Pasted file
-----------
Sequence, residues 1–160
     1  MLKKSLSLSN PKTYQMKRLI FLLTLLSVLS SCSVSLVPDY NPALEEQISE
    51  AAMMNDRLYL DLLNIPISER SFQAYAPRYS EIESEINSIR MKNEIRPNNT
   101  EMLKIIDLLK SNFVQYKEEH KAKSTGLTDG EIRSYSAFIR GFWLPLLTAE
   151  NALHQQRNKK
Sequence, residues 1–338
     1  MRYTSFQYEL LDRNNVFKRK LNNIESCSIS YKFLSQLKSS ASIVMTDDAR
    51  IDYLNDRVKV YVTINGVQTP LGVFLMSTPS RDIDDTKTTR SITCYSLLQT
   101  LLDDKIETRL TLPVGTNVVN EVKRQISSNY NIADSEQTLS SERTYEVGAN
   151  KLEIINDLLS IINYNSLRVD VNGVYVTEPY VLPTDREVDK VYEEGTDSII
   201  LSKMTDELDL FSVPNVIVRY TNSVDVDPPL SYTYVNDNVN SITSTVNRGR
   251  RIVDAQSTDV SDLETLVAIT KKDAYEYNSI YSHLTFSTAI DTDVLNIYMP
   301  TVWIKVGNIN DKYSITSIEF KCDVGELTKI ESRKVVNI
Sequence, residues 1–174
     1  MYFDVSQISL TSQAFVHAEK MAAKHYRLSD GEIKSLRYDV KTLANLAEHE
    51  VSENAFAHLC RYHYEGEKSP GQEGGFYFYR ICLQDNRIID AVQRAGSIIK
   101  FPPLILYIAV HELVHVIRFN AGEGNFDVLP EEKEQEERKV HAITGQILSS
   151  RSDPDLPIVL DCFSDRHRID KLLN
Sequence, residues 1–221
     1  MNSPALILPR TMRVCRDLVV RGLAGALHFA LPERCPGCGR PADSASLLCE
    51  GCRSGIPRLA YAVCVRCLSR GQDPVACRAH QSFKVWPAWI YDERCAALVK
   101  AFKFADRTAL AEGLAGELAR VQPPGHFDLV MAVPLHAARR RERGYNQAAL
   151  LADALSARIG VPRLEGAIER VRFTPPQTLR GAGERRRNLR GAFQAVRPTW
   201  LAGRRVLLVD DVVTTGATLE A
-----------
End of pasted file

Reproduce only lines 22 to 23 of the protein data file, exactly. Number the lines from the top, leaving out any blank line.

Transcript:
   101  AFKFADRTAL AEGLAGELAR VQPPGHFDLV MAVPLHAARR RERGYNQAAL
   151  LADALSARIG VPRLEGAIER VRFTPPQTLR GAGERRRNLR GAFQAVRPTW